It’s human nature to avoid unpleasant things as long as possible. But when denial keeps you from making changes that could improve your health and even prolong your life, it’s time to face reality.
Whether it’s that smoking habit you’ve been “quitting” for years, or the medical screening tests you’re going to schedule as soon as you have some time, you owe it to yourself to take action now. Denial is a defense mechanism. It becomes unhealthy when it impacts your health.
Because smoking is both a strong addiction and a strong habit, it’s a common cause of denial behavior. You can say “I’m trying to quit” each time a doctor asks about it, but those who are serious about quitting are often willing to set a date, which allows you to get out of denial and into an active phase of trying to stop the smoking habit.
Research suggests that smokers are more likely to quit when the issue is raised persistently and in a friendly way, with emphasis on the smoker’s ability to control the process. Talking to others who have successfully quit can help too.
Denial about those extra pounds can range from refusing to acknowledge their existence to downplaying the negative health effects, according to research reports. And most people won’t refer to themselves as obese even when it’s accurate.
Women tend to deny the changes that aging can cause in their metabolism, making it more difficult to maintain a healthy weight or lose weight. Approaching weight loss as a health issue rather than a cosmetic issue can help. Consider the risk of diabetes and high cholesterol of being overweight. Then consider how good you’d feel after weight loss.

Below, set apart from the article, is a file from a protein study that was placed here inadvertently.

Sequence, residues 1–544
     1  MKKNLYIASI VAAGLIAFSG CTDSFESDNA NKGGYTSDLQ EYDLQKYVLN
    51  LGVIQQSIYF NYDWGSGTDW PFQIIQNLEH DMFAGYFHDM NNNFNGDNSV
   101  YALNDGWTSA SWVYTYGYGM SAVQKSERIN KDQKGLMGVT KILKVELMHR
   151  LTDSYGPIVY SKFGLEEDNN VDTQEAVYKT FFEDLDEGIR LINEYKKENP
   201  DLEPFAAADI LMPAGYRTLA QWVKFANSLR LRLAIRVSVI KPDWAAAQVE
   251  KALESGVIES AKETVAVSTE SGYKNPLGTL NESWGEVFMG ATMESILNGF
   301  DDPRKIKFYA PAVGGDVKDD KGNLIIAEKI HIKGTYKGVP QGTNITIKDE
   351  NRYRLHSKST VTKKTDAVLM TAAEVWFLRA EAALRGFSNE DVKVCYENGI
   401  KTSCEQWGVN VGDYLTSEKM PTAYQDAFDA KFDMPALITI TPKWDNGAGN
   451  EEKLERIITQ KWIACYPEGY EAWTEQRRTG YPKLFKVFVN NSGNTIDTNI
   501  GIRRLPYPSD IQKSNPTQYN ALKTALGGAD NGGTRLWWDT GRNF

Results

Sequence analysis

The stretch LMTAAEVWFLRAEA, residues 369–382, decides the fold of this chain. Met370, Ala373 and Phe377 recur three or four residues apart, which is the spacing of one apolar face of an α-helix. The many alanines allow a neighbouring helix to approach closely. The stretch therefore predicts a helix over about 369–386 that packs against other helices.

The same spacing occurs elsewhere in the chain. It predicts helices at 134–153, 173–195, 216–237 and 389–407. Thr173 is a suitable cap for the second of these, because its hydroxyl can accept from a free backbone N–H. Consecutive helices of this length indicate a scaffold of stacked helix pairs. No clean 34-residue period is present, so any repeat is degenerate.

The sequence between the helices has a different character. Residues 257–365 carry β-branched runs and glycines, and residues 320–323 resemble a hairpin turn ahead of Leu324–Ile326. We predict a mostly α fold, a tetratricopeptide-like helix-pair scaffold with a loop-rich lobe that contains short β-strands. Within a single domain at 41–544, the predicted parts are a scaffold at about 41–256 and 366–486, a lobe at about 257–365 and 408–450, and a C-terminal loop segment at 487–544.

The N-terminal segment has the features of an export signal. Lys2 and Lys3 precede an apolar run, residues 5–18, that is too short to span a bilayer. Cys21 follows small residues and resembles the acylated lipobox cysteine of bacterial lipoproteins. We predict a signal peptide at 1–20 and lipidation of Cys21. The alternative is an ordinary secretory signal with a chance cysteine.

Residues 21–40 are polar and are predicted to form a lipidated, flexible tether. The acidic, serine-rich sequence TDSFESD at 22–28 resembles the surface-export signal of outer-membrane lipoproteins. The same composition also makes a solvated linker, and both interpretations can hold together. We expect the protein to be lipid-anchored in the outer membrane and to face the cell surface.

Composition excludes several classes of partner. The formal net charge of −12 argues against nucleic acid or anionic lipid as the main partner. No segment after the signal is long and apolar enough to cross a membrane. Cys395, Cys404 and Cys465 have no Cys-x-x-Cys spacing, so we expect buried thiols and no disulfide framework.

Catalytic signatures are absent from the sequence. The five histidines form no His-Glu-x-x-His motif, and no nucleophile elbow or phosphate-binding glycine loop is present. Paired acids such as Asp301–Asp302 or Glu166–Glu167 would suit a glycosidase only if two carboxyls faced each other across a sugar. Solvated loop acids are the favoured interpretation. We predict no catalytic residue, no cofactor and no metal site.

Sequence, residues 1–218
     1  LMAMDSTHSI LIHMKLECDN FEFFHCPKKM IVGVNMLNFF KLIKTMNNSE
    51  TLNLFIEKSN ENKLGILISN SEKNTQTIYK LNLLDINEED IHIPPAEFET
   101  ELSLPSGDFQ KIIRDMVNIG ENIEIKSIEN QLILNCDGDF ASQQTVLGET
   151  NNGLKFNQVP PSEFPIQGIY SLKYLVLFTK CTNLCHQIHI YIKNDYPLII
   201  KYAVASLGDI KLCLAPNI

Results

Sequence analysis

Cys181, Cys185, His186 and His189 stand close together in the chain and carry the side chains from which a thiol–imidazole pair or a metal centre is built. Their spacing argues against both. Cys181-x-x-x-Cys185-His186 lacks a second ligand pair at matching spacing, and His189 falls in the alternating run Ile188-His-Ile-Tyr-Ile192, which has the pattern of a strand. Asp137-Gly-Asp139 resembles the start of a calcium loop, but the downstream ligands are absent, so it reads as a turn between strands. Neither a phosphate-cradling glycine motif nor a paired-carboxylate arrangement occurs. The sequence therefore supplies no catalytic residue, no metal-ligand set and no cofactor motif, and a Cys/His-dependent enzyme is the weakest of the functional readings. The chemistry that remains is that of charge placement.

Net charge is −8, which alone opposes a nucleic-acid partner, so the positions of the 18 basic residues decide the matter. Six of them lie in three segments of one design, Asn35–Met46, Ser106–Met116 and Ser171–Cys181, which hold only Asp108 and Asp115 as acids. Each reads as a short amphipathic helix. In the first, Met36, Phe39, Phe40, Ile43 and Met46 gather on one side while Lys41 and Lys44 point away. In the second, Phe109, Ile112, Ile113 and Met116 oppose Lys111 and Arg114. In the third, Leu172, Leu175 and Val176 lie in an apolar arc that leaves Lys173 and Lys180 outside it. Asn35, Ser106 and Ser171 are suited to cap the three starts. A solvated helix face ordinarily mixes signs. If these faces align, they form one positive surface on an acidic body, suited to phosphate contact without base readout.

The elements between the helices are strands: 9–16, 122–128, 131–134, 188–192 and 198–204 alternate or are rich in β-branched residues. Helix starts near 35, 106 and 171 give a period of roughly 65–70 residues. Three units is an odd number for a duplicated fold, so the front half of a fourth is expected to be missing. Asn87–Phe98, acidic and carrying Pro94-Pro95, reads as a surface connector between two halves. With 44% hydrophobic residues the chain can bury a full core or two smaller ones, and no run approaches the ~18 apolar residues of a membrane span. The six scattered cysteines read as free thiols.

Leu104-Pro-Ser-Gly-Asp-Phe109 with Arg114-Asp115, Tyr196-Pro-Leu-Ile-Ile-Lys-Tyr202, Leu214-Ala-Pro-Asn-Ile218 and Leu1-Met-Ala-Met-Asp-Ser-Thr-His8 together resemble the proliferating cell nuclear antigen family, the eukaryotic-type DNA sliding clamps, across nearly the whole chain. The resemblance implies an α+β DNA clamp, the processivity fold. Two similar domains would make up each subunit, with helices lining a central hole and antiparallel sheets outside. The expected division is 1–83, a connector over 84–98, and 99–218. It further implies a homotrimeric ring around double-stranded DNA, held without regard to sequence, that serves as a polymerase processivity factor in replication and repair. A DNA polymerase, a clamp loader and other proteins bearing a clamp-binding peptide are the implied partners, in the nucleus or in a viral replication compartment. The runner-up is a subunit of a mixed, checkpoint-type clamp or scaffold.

Checking in with the doctor
For some people, just making an appointment for a checkup can unleash all sorts of unwanted emotions about possible health problems, causing them to delay important check-ups and screenings.
Concern and encouragement from a family member can help some people overcome their denial, while others may be motivated by a friend’s or relative’s experience with a major health event such as a heart attack or cancer.
Although concerns about genetic testing results being released to insurance companies may be valid, there’s still an element of denial in some people’s decisions about whether or not to do the testing, particularly if they have a family history of disease. Some of the more than 1,000 available genetic tests do target incurable or untreatable diseases, but others can help find conditions where early diagnosis is crucial.
Alpha-1 (antitrypsin deficiency), for example, is a genetic disease that can cause serious lung and/or liver disease, but it’s often misdiagnosed as asthma or chronic obstructive pulmonary disease (COPD). An accurate diagnosis through genetic testing can help you avoid serious complications by taking preventive measure, such as not smoking.